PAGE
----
Are we old fuddy-duddies when we ask (demand) students to put away their cell phones in the classroom or clinical areas? Students tell me this is just the way it is now, but I disagree. I teach courses in health sciences. Students practice in the hospitals, interacting with and caring for real patients. My colleagues and I have found students with their phones in their pockets, in their socks, and in their waist bands in order to have access to their precious smart phones but still hide them from instructors. We have found students sitting on stools texting while the hospital preceptors did the work. Some students are one phone call or text away from dismissal from the program before they stop using cell phones in classroom or clinical setting. What is the answer to this problem? Are faculty members being too demanding by placing cell phone restrictions in syllabi or clinical handbooks?
HIGHER ED TEACHING STRATEGIES FROM MAGNA PUBLICATIONS
Effective Classroom Management
“Grandpa’s heart exploded, but he’s fine now,” one student reported the morning after missing a scheduled exam. “I caught dyslexia from another student last semester,” responded another when his teacher asked him about all the spelling mistakes in his paper. And then there was the pet rabbit that swallowed a needle on the day of the big group presentation. Excuses like these are so preposterous that they can’t help but make us laugh, but dealing with them is no laughing matter.
For quite some time now I’ve been interested in a widely held set of assumptions faculty make about the need to assert control at the beginning of a course. The argument goes something like this: When a course starts, the teacher needs to set the rules and clearly establish who’s in charge. If the course goes well, meaning students abide by the rules and do not challenge the teacher’s authority, then the teacher can gradually ease up and be a bit looser about the rules. The rationale behind this approach rests on the assumption that if a teacher loses control of a class, it is very hard to regain the upper hand. In these cases, student behaviors have compromised the climate for learning so seriously that the teacher has an ethical responsibility to intervene and reassert control.
Should instructors care whether or not students find their exchanges satisfying? They should, because as this research (and previous studies) document, those levels of satisfaction correlate positively and significantly with something these researchers call “affective learning.” Affective learning involves student feelings and emotions toward the subject matter and the teacher.
Losing control of the classroom can be one of the most frustrating and intimidating experiences for both new and experienced teachers. Losing control can happen in several different ways. The most common would be where the class is distracted. This could be from a situation outside the classroom such as noisy conversation in the hall, or from an event elsewhere that students find out about, such as a rumor of the football coach getting fired. Losing control can also happen within the classroom, such as when one student monopolizes the discussion, or where there is a general lack of interest in the lecture, and many students are obviously not paying attention. Here are nine possible ways to regain students’ attention.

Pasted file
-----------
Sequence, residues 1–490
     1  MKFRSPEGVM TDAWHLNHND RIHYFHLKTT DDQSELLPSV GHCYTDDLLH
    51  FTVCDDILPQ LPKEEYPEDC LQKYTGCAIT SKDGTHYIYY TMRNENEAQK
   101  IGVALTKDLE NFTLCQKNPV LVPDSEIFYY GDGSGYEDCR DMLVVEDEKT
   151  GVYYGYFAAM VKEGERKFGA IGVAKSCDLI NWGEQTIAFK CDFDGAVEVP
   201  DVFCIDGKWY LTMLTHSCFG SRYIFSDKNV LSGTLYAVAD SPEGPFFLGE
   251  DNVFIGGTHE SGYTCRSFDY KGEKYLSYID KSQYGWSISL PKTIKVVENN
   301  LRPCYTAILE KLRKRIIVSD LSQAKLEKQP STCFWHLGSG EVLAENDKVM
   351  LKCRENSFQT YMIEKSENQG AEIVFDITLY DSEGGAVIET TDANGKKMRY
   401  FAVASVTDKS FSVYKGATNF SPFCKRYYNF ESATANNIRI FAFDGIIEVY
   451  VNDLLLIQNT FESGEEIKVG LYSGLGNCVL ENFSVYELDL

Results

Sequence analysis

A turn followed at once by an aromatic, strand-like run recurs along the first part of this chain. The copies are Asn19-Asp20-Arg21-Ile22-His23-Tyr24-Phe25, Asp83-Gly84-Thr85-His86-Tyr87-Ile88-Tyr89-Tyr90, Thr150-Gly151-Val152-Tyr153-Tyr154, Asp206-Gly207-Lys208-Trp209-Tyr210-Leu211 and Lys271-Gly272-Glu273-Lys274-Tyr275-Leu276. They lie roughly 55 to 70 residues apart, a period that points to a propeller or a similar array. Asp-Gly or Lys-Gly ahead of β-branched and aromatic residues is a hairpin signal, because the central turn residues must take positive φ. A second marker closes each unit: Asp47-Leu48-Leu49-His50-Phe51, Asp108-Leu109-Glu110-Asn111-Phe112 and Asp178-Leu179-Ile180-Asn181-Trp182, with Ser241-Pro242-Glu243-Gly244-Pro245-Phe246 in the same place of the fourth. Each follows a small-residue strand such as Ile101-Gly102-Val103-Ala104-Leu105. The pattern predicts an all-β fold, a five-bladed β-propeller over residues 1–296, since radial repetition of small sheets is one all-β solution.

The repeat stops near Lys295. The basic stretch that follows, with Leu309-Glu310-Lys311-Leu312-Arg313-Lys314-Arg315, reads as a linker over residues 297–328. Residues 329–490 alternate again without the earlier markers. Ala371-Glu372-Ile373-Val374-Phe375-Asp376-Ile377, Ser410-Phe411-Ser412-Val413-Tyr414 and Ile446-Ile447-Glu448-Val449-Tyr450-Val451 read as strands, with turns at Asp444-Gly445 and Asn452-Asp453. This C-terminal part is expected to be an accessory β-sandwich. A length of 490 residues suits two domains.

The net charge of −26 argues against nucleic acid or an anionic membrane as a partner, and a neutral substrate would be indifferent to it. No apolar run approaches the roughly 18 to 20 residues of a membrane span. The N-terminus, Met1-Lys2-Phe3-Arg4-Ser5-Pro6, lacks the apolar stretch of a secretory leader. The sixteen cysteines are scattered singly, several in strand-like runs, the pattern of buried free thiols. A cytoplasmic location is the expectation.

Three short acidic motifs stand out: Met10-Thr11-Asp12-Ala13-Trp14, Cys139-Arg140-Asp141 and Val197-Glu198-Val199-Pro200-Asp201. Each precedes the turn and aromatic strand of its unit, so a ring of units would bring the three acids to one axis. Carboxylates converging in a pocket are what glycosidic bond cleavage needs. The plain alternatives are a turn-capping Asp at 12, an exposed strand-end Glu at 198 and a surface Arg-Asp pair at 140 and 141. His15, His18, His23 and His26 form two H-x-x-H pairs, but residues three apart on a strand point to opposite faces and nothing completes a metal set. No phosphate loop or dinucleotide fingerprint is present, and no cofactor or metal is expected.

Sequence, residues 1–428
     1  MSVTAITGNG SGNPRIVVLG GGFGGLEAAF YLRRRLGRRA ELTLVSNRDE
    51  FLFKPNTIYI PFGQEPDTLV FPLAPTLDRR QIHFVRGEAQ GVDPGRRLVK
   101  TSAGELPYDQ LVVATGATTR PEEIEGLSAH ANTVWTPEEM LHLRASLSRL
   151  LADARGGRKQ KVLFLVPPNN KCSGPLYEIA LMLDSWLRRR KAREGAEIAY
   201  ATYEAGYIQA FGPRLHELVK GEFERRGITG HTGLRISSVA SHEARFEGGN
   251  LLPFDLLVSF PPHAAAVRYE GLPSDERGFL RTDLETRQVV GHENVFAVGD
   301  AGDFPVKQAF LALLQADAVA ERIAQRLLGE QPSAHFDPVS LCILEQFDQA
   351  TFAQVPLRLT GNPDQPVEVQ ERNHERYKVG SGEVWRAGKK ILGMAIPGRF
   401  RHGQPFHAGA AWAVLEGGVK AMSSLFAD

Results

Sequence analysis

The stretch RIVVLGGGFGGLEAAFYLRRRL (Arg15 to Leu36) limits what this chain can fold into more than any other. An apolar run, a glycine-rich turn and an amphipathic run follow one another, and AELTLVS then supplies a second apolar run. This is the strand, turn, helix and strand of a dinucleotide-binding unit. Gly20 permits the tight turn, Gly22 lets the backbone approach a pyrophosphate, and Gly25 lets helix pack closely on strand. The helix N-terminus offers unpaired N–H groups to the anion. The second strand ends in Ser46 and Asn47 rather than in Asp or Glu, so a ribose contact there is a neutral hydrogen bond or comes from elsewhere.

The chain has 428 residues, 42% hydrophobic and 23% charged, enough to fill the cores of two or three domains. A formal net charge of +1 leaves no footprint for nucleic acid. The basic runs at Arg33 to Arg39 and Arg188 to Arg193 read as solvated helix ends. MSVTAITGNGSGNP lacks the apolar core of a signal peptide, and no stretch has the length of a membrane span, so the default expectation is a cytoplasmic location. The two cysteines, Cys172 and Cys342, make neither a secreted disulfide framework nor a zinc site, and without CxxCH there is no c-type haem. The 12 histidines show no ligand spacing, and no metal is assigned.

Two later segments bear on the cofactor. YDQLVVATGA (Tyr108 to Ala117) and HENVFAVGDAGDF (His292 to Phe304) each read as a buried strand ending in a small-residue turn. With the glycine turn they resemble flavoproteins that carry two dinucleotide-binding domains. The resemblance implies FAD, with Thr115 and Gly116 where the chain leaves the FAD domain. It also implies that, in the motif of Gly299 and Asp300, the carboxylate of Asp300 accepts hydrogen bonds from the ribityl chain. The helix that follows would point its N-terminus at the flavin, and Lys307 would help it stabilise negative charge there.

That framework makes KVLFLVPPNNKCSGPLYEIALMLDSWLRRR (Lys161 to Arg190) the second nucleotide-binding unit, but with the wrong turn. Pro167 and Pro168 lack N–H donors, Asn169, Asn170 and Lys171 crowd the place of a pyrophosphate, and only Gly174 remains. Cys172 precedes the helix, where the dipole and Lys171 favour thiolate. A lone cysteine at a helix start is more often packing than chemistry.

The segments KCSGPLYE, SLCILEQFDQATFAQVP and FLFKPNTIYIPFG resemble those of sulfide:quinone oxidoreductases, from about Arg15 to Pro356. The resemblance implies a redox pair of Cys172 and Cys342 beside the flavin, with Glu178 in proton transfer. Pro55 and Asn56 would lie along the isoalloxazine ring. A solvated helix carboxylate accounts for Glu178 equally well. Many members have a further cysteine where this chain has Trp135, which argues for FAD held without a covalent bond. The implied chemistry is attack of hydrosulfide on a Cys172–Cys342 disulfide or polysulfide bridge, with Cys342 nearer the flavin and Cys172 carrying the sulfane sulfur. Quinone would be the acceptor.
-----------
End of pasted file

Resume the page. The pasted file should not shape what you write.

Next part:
Problem students come in all forms, and may be “difficult” for wide variety of behaviors. While it’s impossible to create neat little categories that adequately describe the full range of problems encountered by college faculty, a good starting point may be to classify the behaviors as annoying, disruptive, or dangerous. Each requires a different type of response based on the context of the behavior.
We know from the literature, and more directly from conversations with colleagues, that most college teachers are concerned, annoyed, frustrated, and occasionally angered by the way students behave in the classroom. But are these behaviors of concern to other students in the classroom?
Complaints about incivility in the classroom are not new, but most faculty believe incivility is on the rise. Couple that with our litigious society, and it’s no wonder that one of the most important skills faculty need today is classroom management.
Slow down and remember this: Most things make no difference. Being busy is a form of laziness—lazy thinking and indiscriminate action. … Being selective—doing less—is
Donald McCabe’ s 2005 article “Cheating Among College And University Students: A North American Perspective” is often cited for its sobering statistics regarding the prevalence of cheating in higher education.
The numbers are alarming and do require a serious response, but have you ever turned the numbers upside down? For example, if 42 percent of college students admit to working with others on individual assignments, that means 58 percent aren’t getting help from others and those students would like you to do something about the 42 percent. If 38 percent admit to plagiarizing, that means 62 percent aren’t plagiarizing and those students expect you to do something about the 38 percent.